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I was surprised to see (APS News, April 2003, Vol. 12, No. 4) that the Nobel Prize winner, Irving Langmuir, graduated from the "Colarado" School of Mines in 1903 with BS in Metallurgical Engineering. We checked our records and he was not on our graduation list. We then checked an old Who's Who and found that he graduated from Columbia School of Mines in that year.
Don L. Williamson
Colorado School of Mines
The discussion of the pitfalls of translation in "New Spanish Lab Manual Available for Physics Teachers" [APS News, April 2003] struck a chord for me.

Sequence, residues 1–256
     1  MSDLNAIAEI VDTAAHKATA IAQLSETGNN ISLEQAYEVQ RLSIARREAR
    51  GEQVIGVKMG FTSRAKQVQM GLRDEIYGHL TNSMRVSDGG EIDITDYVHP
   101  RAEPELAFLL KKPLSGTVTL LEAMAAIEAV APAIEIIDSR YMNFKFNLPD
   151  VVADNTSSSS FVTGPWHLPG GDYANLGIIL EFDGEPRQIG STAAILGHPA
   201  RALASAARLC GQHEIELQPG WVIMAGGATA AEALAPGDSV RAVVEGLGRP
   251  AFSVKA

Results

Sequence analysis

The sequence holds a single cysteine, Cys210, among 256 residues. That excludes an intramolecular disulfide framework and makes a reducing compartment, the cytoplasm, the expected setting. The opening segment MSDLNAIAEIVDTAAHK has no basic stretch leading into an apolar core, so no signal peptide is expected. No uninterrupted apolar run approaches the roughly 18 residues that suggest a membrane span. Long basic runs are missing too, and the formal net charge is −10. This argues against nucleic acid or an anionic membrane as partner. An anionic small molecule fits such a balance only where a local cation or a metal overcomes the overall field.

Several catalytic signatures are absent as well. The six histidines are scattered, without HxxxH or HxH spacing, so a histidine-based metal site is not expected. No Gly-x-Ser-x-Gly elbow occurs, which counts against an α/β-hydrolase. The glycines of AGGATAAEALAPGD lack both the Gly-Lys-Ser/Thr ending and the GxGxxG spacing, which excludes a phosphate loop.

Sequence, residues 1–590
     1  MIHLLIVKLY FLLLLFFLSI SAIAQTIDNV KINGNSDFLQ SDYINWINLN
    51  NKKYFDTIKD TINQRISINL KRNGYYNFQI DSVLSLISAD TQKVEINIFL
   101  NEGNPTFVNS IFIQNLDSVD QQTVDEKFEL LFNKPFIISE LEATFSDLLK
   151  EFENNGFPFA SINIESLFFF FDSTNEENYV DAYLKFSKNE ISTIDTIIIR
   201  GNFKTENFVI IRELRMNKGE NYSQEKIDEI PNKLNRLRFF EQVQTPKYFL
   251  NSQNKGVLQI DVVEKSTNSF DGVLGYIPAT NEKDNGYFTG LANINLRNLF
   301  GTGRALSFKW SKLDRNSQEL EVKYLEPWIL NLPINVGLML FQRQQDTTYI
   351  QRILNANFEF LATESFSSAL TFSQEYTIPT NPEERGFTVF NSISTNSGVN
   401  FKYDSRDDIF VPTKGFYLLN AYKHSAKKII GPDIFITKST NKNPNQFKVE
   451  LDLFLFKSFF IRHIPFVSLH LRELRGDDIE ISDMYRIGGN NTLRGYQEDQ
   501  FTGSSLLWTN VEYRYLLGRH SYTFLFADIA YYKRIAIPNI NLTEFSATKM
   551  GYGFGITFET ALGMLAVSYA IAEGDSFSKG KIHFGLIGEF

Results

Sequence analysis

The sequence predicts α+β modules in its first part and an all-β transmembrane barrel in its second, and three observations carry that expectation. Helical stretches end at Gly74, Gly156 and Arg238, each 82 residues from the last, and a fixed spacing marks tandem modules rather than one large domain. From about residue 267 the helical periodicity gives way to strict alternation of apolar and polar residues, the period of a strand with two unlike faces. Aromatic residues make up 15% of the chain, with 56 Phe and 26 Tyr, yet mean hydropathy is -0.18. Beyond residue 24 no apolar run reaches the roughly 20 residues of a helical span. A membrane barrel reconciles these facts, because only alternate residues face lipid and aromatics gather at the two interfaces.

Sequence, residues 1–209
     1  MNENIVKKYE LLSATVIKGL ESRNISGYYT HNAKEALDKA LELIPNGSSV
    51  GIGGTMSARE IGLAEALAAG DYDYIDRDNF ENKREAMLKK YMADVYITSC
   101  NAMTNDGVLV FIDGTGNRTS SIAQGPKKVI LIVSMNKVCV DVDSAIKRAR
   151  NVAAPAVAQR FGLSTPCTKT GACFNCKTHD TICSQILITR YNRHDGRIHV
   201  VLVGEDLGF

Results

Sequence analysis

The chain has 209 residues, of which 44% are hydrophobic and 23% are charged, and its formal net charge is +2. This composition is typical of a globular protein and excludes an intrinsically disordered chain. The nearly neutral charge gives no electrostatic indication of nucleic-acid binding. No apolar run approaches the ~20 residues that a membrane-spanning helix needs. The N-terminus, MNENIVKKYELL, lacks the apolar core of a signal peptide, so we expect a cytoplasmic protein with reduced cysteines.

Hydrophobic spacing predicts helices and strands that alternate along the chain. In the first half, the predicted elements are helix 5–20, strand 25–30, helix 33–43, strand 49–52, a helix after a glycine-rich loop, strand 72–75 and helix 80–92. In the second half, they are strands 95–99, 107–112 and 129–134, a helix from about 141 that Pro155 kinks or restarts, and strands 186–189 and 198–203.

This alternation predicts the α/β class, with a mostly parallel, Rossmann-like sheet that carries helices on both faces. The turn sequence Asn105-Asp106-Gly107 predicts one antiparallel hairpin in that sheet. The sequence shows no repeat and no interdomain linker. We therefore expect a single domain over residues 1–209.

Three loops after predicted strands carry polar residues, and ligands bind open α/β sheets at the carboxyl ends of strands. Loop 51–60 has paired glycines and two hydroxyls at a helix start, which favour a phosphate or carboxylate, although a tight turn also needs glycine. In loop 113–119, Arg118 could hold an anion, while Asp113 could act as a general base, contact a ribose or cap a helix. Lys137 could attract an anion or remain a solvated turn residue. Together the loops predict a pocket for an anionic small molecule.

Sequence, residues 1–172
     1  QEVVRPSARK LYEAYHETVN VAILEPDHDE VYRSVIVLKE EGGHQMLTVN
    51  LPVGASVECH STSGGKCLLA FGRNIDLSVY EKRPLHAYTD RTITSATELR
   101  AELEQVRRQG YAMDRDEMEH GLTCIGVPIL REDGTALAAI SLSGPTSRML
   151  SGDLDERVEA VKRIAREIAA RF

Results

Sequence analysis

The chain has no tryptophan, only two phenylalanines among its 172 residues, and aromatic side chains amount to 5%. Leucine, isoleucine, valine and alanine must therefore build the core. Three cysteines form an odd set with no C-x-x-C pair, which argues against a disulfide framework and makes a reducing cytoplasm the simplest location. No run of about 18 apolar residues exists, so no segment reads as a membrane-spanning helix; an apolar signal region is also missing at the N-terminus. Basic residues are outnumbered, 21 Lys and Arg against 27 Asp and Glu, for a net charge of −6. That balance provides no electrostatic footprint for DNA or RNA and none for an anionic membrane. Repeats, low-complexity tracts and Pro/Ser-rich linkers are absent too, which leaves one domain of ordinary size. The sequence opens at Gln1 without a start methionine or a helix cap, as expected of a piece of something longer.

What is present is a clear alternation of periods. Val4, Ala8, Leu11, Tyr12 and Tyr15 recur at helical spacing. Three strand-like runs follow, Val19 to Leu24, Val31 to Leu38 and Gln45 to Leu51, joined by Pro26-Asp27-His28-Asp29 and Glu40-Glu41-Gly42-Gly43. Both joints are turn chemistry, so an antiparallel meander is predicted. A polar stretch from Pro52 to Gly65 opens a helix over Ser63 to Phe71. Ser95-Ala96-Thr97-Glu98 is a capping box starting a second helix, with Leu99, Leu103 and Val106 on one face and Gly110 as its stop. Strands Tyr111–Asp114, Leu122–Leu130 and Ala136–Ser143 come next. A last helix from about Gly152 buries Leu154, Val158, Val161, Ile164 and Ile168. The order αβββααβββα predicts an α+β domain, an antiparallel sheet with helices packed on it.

Some years ago, I co-authored a university physics text. The Spanish and Portuguese translations contained the usual number of translation errors, but I found one particularly amusing.
In the section on the physics of music, I had written, "A piece consisting entirely of consonances would be unbearably tedious, and the resolution of dissonances into consonances is a very important aspect of Western music."
In the Spanish translation, this reads, "...es un aspecto muy interessante de la musica del Oeste norteamericano." Translated back into English, this reads, "...is a very interesting aspect of cowboy music."
As the Italians say, traduttore tradittore: the translator is a traitor.
Lawrence S. Lerner
CSU, Long Beach
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